Meeting Challenges at Forbes Healthcare Summit
One of the true joys in spending your career working in healthcare or health design is that you are consistently reminded just how courageous and motivated people can be when they are mission driven to overcome great challenges. Disease incidence, efficacy rates and new science breakthroughs in healthcare can be expressed and studied via statistics – but the experience of battling cancer, caring for a sick child, enduring extensive surgeries – these are remarkably human experiences that fuel the drive and mission underpinning change within our health system.
Last week’s Forbes Healthcare Summit in New York City did a thoughtful and balanced job of keeping this truth front and center. It was inspiring to be in a room with many smart, passionate people focused on improving healthcare for patients. Matthew Herper and the team at Forbes did a remarkable job of assembling senior leaders from health systems (Geisinger Health, North Shore – LIJ Health System and Mayo Clinic to name a few), pharmaceutical companies (Merck, Express Scripts, Allergan, Pfizer, etc.), biotech companies and patient advocates to talk about the key agents influencing health now and into the future.
The group focused on how anticipatory medicine, consumer demands and patient engagement are setting healthcare on a bold new path. I plan to write on these topics in future posts over the months ahead that connect back to our work at CannonDesign. I’m also hopeful to acquire some of the presentations to share with our teams for information and insight.
At the moment though, and since I left the Forbes event, I’ve been inspired as much as educated. Embedded in the smart conversations were very human stories. Two that stood out were Steve Keating’s battle with brain cancer and Rachel Kalmar’s work with wearables. Below are brief glimpses into each person and their story.
Fighting Brain Tumors with Social Media and Data
A unique perspective and engaging presentation during the event came from Steve Keating. He took the stage and talked openly about how he’d learned he had a slight abnormality in his brain in 2007 that he then tracked and monitored until it ultimately became a baseball-sized tumor that needed to be removed. He dove deep into how he’d used social media to connect with others who had or were battling brain tumors and learn more about treatment options. Even after his surgery, Keating has continued to be an advocate for patient access to information and the empowerment of patients in the health experience.
On my plane ride home to Chicago, I read more about Keating and his fight,including this MIT article from earlier this year. A few facts that reinforced his presentation really stand out:
- Keating has always been interested in actively understanding his health. His first brain scan in 2007 happened came about to his sheer curiosity. Rather than just receive summary results, Keating wanted the scan’s raw data which led to the identification of the brain abnormality.
- The raw data from the original scan further fueled Keating’s curiosity in his own health. Years later as an MIT graduate student, Keating continued to engage his doctors on treatment options. Even during the 10-hour surgery to remove the brain tumor, Keating was sedated but kept awake so he could converse with doctors and ensure they were not damaging the brain’s language center. The entire surgery was captured on video, per Keating’s request.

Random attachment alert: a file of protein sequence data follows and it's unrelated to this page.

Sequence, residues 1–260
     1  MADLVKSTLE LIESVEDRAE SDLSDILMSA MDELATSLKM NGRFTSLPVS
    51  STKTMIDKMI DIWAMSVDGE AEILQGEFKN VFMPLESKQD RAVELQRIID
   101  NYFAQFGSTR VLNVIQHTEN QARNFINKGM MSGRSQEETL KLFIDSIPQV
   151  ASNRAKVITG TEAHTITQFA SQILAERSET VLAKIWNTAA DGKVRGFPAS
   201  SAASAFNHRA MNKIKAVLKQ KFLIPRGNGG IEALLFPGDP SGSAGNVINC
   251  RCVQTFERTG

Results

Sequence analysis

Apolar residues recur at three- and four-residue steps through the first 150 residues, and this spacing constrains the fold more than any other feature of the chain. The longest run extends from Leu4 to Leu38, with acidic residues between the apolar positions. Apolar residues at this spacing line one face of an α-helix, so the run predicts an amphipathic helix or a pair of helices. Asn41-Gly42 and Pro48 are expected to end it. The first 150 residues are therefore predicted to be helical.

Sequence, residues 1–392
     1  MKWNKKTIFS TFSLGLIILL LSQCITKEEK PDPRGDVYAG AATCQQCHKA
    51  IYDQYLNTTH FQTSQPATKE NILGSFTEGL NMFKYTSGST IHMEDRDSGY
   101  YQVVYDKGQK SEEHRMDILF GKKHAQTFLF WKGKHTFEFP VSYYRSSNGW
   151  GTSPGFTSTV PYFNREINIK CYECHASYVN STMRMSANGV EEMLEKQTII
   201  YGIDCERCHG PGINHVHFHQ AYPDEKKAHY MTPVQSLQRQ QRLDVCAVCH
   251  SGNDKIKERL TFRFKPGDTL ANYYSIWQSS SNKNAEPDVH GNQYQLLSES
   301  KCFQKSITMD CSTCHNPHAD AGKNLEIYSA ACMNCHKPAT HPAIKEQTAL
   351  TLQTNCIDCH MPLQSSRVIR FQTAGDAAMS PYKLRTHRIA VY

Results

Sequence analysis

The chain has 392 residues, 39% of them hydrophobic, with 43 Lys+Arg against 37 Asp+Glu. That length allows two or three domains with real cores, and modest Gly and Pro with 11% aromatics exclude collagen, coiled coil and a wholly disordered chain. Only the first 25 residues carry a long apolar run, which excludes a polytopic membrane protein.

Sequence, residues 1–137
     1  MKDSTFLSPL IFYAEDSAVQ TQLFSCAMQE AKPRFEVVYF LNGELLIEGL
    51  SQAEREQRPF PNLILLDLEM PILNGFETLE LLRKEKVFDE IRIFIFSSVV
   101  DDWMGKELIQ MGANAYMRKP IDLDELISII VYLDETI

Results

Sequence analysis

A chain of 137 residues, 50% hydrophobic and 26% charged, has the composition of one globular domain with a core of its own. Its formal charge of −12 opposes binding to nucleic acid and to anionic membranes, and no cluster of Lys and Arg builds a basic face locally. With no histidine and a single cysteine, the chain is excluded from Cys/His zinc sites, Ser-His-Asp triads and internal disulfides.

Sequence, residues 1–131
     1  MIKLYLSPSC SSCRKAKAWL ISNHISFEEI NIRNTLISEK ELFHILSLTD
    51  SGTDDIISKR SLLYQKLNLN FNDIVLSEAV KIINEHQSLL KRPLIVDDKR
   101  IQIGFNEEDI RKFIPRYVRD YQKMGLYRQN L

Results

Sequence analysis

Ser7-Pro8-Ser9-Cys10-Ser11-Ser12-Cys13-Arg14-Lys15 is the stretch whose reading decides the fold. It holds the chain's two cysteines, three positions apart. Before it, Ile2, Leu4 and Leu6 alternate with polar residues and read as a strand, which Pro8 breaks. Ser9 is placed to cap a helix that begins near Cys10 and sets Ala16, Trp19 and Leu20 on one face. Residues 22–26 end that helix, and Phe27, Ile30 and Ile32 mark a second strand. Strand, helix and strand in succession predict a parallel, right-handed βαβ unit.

- Now, Keating has become a powerful advocate for open health data. He believes the access to his personal data and the curiosity it sparked ultimately saved his life – and he’d like to see others have the same chance.
While designers can’t overtly grant access to personal health data, Keating’s presentation left me thinking about new ideas and ways we might encourage providers to engage patients in the design of health spaces. We’ve seen success with this for organizations like ProHealth and other providers. If access to data can help patients, engagement in the creation of the spaces where health care is delivered is another key component.
Wearables from Head to Toe
Another fascinating story shared at Forbes Health Summit was Rachel Kalmar’s efforts to help wearable health technology and the data it generates be more meaningful. Kalmar has worn between one and 38 devices each day for the past three years. She’s done this to see how the technologies compare, what people can and should learn from them and what the data looks like.
The biggest thing I learned,” Kalmar said during her presentation. “Is how difficult it is to get access to all this data.
Through her presentation, Kalmar expressed that she believes we’re in the early days of understanding how we can leverage wearable health tech. She sees challenges related to the lack of a common infrastructure, battery life issues, and the lack of common language across the different platforms. Robert Glatter provided a thorough recap with video excerpts of Kalmar’s presentation for Forbes.
The group at the Forbes event was in agreement on Kalmar’s thought that we’re in the early days with wearables. There was a sense that we are definitely moving from precision medicine to anticipatory medicine and that wearables have a robust role to contribute in that future.
It’s been a week since I left NYC after the Forbes event and I already look forward to 2016. No doubt, the ideas and inspiration I gained at the event will impact my work with CannonDesign and the trajectory of our practice in the year ahead.